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3 years of same Archlinux installation

So today is the third year of my Archlinux installation. It has been a long journey with many ups and downs. In this post I’ll share with you some of this tale.

If you want to see my resume of the second year you can find it here.


Differently from last year I left Pytyle abandoning tiling window managers at all. I’m using a single monitor and I cannot find motives to use more than two windows at the same time ever.

Openbox is an amazing piece of software that has been with me since the beginning. Since last year I’ve being running out of shortcuts combinations on my keyboard (imagine that). So I discovered Openbox prefixes and that solved my problem. Now I have a Clippboard prefix, CompuFácil prefix, links prefix, that expand the collection of possibilities. Take a look at my Openbox configuration.


I’ve being long refining my clippboard management process. I think managing properly your clippboard is a core-stone skill developers must master. I’m beginning to think that this subject deserves a talk by itself. At the heart of it I use copyq and I recommend you to do so. To give you a point of contact of what I’m talking about, I have shortcuts for:

  • Open in vim the current selection
  • Translate the current selection
  • Google the current selection
  • Move an older selection to the top


My setup is totally terminal oriented and all of it floats around vim. My vim is totally amazing, I really recommend you to take a look at it. I achieved higher levels of productivity with it that I ever thought it was possible. The main feature of my vim is that is easy to create new text objects and operations over text selections.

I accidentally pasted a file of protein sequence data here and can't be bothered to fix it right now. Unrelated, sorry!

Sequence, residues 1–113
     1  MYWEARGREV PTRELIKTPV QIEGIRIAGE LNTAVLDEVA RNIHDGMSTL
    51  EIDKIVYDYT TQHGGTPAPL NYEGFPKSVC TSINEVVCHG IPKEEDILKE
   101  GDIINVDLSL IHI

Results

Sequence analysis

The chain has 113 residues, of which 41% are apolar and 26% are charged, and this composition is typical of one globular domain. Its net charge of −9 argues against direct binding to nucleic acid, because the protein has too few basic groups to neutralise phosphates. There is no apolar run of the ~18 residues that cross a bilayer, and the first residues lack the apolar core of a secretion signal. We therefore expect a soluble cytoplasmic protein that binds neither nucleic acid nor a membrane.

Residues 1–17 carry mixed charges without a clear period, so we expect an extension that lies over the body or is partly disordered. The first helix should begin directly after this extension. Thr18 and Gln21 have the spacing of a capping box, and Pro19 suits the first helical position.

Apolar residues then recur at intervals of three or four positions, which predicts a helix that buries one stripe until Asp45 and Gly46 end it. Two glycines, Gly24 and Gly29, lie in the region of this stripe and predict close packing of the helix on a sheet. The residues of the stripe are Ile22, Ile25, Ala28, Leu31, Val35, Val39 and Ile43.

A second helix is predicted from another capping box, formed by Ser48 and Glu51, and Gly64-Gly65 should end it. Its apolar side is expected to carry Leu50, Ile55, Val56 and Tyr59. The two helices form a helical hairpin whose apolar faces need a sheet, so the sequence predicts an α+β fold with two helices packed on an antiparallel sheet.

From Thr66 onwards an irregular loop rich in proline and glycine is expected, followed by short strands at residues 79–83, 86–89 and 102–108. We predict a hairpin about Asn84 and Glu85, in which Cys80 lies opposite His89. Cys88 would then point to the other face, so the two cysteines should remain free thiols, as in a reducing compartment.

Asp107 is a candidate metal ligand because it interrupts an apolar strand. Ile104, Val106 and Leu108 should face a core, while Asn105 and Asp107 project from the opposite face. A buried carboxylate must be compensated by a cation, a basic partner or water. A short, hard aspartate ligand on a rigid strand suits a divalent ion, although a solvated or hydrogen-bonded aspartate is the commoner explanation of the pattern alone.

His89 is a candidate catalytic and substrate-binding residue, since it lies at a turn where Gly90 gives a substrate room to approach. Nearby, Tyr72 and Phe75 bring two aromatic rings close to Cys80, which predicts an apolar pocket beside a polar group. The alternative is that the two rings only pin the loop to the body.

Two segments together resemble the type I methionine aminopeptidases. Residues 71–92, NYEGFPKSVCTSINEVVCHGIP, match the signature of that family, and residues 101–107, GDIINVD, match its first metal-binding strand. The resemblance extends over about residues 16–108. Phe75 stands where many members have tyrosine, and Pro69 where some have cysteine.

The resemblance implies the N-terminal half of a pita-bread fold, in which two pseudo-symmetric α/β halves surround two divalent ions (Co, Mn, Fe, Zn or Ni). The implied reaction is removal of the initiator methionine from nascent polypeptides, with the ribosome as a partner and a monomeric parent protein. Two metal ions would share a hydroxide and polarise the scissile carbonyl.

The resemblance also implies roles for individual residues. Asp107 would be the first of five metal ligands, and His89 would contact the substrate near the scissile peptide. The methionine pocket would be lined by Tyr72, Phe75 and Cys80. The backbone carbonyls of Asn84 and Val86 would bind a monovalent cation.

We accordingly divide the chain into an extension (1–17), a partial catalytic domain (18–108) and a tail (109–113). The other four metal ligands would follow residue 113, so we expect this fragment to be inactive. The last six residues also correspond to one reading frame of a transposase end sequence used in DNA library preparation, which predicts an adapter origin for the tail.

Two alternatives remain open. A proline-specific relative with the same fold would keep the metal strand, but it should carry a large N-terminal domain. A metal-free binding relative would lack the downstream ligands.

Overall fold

Theme tweaking

It’s been a long time since I changed any theme related thing in my desktop. I simply removed all interface elements when they aren’t needed. So I don’t get annoyed that they don’t look as I would like them to. When I’m editing text the only thing I see is vim, nothing more. Then I’m browsing the browser, etc.


These are the software I use:

  • vim
  • tmux
  • zsh
  • openbox
  • linux-lts
  • terminator
  • franz (chat)
  • chromium
  • nautilus (file manager)
  • spotify
  • irssi (chat)
  • zathura (pdf)
  • lxpanel (sidebar)
  • fittstool


Sometimes things break and break hard. Until the half of the year I was suffering a disk shortage. Then I made a fsck and freed half of my disk sectors that were marked as unusable (don’t ask me why). And it’s working properly long since.

Issues remaining

  1. The mainline kernel don’t even boot on my machine anymore. But I’m happy with the LTS nevertheless.

  2. My chromium had a regression and the webcam and microphone do not longer works on it.

  3. My SSD card don’t load after suspending. But this is a bug on the Macbook hardware and happens on MacOS as well.


I’m amazingly productive with my stack and I doubt that experienced programmers on other OS’ses can be this much. But I recognize that Linux is extremely complex for new comers. Even more a stack terminal-oriented like mine. It takes too much effort to become really powerful. But once you get there there’s no end to the improvements you can make on your computer.

I’m kind of proud of never more having to format my machine every six months. I consider a kind of failure when a developer “reinstall everything” it’s like giving up. Unix systems were made to endure. If you can’t keep yours, how you would expect to maintain a system to your users?

Anyway, only with Archlinux I was able to do that. I think it has something to do with it’s principles . And something to do with me getting more mature. Willing to understand things, taking the time to read and improve by baby-steps.

I think that’s it. In a year certainly I’ll have another post like this. The only motive to change my installation is a hardware failure/change. And even in this case I might use the same installation on a new piece of silicon.